Both today's positions are endgame studies by the Ukrainian composer Ernest Pogosyants, and both display remarkable richness of play for the minimalist amount of material used. Both are White to play and win.

In the first, since 1.d6? is met by 1...Nf5+, the start is easy enough: 1.Kf6 Kh6 2.d6. Now 2...Nh5+ 3.Kf7 leaves Black unable to stop the pawn marching home. But he has a clever idea instead: 2...Ne8+! 3.Bxe8 e3. If White tries to stop the pawn with 4.Bb5, then Black saves himself by stalemate after 4...e2! 5.Bxe2.

So White must push on with 4.d7 e2, but after 5.d8=Q e1=Q White has no good check. There is not even any good way to try to win. We have to go back a move. Instead of 5.d8=Q, try promoting to a knight! After 5.d8=N! e1=Q, White plays 6.Nf7+ Kh5 7.Ne5+ when 7...Kh6 8.Ng4 is mate, while 7...Kh4 8.Nf3+ wins the queen.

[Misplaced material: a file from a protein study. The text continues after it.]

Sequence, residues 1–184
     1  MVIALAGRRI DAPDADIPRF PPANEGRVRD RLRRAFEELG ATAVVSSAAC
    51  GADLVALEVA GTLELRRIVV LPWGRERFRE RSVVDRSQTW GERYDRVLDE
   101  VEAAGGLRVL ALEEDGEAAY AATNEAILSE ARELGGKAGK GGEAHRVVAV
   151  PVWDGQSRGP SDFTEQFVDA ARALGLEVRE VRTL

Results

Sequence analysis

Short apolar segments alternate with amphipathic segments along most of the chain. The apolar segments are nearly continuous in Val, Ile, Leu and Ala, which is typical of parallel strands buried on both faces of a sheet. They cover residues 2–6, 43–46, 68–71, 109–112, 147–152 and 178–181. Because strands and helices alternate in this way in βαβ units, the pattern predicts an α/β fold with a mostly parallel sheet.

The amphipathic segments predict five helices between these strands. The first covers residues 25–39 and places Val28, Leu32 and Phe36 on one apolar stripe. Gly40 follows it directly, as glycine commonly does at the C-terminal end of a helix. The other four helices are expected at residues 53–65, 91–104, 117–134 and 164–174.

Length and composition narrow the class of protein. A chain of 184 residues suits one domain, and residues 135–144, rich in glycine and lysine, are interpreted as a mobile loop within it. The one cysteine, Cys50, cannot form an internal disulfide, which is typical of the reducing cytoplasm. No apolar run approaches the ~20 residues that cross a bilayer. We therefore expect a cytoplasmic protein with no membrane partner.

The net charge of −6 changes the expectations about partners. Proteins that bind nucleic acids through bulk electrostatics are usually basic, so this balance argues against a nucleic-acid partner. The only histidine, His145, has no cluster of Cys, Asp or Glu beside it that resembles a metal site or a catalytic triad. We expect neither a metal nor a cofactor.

Very clever, but that's only half of the answer. Suppose Black meets 5.d8=N! with 5...e1=N! Then 6.Nf7+ Kh5 7.Ne5+ Kh4 leads to nothing for White. Instead, White plays the subtle 6.Nc6! Nf3 (or Nd3) 7.Ne7 Nh4 (to stop Nf5 mate) 8.Ng8 mate.

The second position reaches a similar end through very different means. A pawn behind and facing the threat of 1...Qg7 mate, White needs to create a heavy threat himself and the way to do it is 1.Qf7 (note that 1.Qc7 would allow Be6+) threatening both Qh7 mate and Qh5 mate. Now see if you can find Black's ingenious defence. It looks as though he is helpless, but there is a splendid resource: 1...Qh8+! 2.Kxh8 a1=Q+ 3.Kg8 Qh8+! 4.Kxh8 Ng6+ 5.Kg8 Be6! Finally the point is clear: 6.Qxe6 is stalemate. But White plays instead 6.Ng5! Bxf7+ 7.Nxf7 mate! Note that 6...Ne7+ 7.Kf8 Ng6+ would have lost to 8.Qxg6+ Kxg6 9.Nxe6, but this defence works after 6.Nd6?